International Attribution Mechanism for Cyber-Attacks: Who Needs It? Or Is the World Ready for Accountability in Cyberspace? / Yuval Shany & Michael Schmitt


Wed, 18/11/2020 - 15:00 to 16:30


The Hebrew University of Jerusalem

One explanation for the reluctance to invoke international law in relation to cyber-operations  is the lack of a credible attribution mechanism, which could validate the facts underlying legal claims advanced by states adversely affected by cyber-operations. Arguably, a state targeted by a cyber-attack faces a choice whether or not to rely on international law in denouncing the attack, in attributing it to another state (where relevant) and in responding to it. In domestic legal systems, this process is sometimes referred to as “naming, blaming and claiming” However, all three said stages of the legal response depend on one another, and on factual information about the attack that occurred. Such information is necessary not only to understand what actually happened, and to identify the culprit (and/or the state behind it), but is also required in order to mobilize third parties to support the blaming and claiming, by engaging in collective attribution and a collective response to the attack. In other words, legal rights under international law can only be effectively invoked and relied upon in practice on the basis of an adequate factual infrastructure.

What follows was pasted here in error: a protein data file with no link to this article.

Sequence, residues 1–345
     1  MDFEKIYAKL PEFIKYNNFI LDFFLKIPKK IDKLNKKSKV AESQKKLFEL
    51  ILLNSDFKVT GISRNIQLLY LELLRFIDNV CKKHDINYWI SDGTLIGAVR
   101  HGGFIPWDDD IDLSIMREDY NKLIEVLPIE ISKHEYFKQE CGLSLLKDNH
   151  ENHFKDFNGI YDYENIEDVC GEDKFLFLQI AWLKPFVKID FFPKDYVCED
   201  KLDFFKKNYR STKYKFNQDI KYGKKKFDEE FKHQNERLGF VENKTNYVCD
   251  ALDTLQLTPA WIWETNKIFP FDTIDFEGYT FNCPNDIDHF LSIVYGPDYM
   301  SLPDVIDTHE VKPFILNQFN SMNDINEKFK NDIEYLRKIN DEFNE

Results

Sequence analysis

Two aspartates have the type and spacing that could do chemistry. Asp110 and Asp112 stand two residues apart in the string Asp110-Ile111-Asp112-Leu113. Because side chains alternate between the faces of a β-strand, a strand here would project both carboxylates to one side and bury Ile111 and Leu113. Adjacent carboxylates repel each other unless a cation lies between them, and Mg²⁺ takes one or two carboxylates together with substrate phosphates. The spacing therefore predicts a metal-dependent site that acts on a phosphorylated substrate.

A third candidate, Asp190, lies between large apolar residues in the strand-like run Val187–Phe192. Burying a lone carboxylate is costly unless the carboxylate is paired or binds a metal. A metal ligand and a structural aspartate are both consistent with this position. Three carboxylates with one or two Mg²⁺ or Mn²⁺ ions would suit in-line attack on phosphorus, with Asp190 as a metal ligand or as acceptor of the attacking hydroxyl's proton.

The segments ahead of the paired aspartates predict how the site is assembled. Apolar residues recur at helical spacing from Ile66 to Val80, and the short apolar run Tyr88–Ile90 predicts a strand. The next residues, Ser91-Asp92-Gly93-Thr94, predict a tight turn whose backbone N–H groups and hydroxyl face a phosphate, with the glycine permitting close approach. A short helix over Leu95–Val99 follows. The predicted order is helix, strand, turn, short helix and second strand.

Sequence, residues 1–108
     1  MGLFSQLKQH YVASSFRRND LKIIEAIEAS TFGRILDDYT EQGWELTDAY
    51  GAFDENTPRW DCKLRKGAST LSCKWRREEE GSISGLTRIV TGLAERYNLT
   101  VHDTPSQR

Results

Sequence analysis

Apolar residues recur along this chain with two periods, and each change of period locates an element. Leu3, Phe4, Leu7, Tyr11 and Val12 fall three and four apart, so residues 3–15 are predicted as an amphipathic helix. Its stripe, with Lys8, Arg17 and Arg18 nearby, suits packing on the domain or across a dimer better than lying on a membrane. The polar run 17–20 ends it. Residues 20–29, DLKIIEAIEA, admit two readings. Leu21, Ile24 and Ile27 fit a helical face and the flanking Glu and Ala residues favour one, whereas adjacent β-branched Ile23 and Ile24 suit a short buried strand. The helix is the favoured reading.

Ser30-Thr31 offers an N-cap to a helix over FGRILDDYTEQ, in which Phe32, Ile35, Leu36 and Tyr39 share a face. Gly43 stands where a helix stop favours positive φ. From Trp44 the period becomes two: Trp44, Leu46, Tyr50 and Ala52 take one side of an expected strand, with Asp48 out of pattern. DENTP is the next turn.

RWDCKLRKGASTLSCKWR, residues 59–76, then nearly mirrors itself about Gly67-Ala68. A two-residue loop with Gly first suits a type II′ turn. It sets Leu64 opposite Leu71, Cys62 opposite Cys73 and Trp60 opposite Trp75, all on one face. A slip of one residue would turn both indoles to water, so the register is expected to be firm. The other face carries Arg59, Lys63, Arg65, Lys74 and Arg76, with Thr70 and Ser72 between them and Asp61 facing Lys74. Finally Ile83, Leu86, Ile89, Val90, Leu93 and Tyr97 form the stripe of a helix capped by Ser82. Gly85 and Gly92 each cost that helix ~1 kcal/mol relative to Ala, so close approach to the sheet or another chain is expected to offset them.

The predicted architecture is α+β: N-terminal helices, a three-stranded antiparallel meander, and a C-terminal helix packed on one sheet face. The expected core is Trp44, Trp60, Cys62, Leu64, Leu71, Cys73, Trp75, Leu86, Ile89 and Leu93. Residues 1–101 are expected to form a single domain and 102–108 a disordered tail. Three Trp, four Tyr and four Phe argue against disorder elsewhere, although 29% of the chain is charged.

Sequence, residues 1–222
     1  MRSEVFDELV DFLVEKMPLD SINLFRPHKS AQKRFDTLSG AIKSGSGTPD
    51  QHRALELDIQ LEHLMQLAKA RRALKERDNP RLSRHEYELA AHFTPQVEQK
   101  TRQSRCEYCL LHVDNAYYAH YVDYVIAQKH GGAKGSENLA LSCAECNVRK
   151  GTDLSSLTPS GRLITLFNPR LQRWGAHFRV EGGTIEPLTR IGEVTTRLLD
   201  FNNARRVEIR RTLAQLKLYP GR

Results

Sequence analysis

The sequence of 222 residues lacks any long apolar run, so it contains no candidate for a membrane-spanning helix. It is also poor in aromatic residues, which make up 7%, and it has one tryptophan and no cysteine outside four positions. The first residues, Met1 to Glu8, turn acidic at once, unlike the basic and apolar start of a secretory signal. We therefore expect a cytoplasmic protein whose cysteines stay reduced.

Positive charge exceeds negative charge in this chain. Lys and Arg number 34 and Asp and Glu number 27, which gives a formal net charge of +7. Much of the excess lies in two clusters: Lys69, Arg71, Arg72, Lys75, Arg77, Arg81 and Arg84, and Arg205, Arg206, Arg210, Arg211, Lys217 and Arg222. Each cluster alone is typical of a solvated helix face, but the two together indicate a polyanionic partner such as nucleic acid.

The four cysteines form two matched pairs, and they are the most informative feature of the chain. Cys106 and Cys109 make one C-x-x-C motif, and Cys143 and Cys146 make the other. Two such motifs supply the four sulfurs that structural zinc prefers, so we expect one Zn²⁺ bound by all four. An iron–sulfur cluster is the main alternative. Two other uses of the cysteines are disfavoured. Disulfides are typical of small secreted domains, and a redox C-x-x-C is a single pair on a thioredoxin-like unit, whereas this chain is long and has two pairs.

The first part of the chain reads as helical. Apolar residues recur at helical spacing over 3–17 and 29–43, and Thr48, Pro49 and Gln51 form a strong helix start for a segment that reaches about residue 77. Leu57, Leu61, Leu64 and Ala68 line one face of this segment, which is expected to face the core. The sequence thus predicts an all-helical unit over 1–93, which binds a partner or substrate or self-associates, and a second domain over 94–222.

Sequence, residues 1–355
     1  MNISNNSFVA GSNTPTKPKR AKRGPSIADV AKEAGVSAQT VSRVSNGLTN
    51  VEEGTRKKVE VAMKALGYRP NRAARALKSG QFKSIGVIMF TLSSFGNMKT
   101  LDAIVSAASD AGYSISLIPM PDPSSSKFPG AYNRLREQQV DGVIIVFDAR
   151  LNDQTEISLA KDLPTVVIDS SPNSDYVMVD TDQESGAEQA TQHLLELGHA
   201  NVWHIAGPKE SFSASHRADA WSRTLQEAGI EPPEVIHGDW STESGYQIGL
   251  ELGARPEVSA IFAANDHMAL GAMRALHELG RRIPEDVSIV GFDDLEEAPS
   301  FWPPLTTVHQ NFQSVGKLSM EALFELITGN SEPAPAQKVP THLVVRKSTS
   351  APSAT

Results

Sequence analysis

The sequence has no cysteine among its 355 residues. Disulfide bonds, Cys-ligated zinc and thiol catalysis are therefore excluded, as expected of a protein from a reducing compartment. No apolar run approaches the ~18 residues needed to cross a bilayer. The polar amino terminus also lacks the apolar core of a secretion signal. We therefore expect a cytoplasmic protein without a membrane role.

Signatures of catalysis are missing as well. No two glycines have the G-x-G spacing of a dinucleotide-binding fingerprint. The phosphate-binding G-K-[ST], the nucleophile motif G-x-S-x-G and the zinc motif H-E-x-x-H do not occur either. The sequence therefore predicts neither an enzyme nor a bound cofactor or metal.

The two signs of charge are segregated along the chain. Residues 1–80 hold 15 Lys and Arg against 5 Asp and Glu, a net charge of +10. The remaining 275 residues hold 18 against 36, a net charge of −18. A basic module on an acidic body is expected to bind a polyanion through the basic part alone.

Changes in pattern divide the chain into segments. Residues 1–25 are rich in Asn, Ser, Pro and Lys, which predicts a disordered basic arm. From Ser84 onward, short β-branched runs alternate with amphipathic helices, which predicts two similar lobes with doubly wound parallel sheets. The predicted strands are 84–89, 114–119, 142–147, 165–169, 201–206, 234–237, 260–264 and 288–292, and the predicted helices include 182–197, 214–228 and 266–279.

This article presents and discusses some of the possible justifications for establishing an international attribution mechanism to “name" and possibly "blame” the perpetrators of cyber-operations and the states behind them. It also considers what is the principal constituency for such a mechanism. Following an Introduction, Part Two starts by making the general case for developing international fact-finding mechanisms in international law, particularly in areas requiring particular scientific and technological expertise. Part Three then examines some of the shortcomings of the existing processes for attributing responsibility for cyber-attacks. Part Four reviews some existing proposals made to establish an international attribution mechanism, and Part Five describes the potential constituency for a new mechanism: states with limited capacity to impose accountability, states interested in broad collective attribution and international sanction regimes. Part Six concludes.